Rob’s description of his running journey is an impressive one, where he himself admits that he is naturally a pretty fast runner. He seems to fairly effortlessly reach 90minute half marathon times and nigh on nearly 3hour marathon times, although I have to say that this is not without training and heartache - he absolutely puts the work in, he just seems to be naturally able (a favourite runner to know). Having not reached these times and fairly unlikely to, it was a bit galling to read about that, although I think that’s to do with my own place and not his. 

Another thing that struck me was that Rob’s routes were so beautifully described - and so lonely. Reading those I was sad that I would never be able to run those as he does, simply because I’m a woman on her own. Having recently been assaulted on a run which left me with a broken elbow as well as some deep bruising and cuts, I am now warier than ever about running past men I don’t know, and certainly on my own. One of the most common questions I have been asked when I describe the assault is ‘What time was that?”.  Never does Rob mention that he was worried about going on his own in the dark, in the rain, on a route he wasn’t sure of and in a place he hadn’t been to before. I literally can’t do that. Again, this is absolutely nothing to do with Rob, and reading about the routes he’s completed along cliffs and through woods, down one side of a canal and back, was great and so descriptive. I wouldn’t have expected him to have mentioned that he is privileged to be able to do this, by virtue of being a white male. 

Ultimately though, I liked this and have been inspired to prepare a bit of a running playlist for me, rather than the shuffle playlist I’ve had for years, or the latest audiobook I have queued up. I’d recommend it for both runners and those who want to start running, although it might inspire you to to do a marathon so be careful!

Thanks again to Unbound for the DRC and to Netgalley, as always.
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I'd never come across the comedian Rob Deering before, but the title and description of the book definitely intrigued me. Running and music, what's not to like. I'm a runner and I also love listening to music, although unlike Rob I don't do them both at the same time. Many years ago I used to, but after a couple of close shaves where I didn't hear a car I decided that running with music wasn't the best idea for me. Plus, my mp3 player got wet one day and stopped working.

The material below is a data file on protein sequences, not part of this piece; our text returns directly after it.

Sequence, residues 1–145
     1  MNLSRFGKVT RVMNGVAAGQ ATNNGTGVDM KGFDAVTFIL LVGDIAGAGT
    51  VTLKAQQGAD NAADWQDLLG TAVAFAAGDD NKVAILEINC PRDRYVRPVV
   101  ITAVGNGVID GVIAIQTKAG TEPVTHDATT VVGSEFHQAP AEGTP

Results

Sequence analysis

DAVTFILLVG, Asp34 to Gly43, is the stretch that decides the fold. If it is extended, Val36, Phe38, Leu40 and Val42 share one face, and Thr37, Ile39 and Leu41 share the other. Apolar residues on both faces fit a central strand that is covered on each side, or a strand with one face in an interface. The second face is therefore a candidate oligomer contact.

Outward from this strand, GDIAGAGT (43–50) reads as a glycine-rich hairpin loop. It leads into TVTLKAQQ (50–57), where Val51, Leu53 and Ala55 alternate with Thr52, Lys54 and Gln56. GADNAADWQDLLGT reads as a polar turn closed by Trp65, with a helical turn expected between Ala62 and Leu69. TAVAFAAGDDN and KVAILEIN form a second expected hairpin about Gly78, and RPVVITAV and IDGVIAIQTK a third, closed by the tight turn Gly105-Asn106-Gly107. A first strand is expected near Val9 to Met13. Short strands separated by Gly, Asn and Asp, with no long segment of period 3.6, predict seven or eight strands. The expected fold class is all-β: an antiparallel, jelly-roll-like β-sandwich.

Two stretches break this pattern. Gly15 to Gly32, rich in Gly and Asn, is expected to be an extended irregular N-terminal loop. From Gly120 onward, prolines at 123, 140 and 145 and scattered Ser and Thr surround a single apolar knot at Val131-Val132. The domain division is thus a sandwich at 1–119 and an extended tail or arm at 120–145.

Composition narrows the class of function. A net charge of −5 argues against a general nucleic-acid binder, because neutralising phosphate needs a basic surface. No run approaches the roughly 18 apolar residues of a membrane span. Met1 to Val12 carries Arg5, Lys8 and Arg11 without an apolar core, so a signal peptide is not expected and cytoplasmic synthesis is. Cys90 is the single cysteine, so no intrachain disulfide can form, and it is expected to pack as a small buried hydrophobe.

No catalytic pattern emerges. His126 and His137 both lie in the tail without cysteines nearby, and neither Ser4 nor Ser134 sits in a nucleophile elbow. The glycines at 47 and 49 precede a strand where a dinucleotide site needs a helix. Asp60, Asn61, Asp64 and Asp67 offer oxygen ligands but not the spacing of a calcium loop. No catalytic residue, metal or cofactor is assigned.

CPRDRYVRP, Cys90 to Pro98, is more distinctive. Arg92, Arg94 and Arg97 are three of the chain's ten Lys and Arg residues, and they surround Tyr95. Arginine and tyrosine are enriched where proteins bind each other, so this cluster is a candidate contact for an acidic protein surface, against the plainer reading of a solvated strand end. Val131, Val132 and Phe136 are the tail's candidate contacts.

Anyway, Running Tracks is split into 26 chapters, each one taking about 10 minutes to read. This isn't a book to sit down and read continuously as each chapter stands alone. Instead I would read a chapter to two each morning, a couple more on the train and maybe another late at night. The end of each chapter also has a recommendation for a similar run and a similar piece of music.
Rob is almost an accidental runner, but once he started running he found his true passion, alongside music. His career as a comedian has taken him all over the country so he is in the envious position of having run in loads of interesting places, and often completing a tourist parkrun while out on the road. His taste in music might not always gel with mine, too many banging beats while I prefer banging heavy metal, but music when running can provide a great lift. 
Rob is also a fairly accomplished runner, having completed the London marathon numerous times, raising thousands of pounds for Parkinson's UK. Funnily enough today is the London marathon, and I was saying to my lovely wife that maybe I should enter a big city marathon. I did enter London over 20 years ago, but was unsuccessful, so maybe I'll have better luck this time around.
Anyway, I really enjoyed Running Tracks and gave it a big thumbs up 5 out of 5.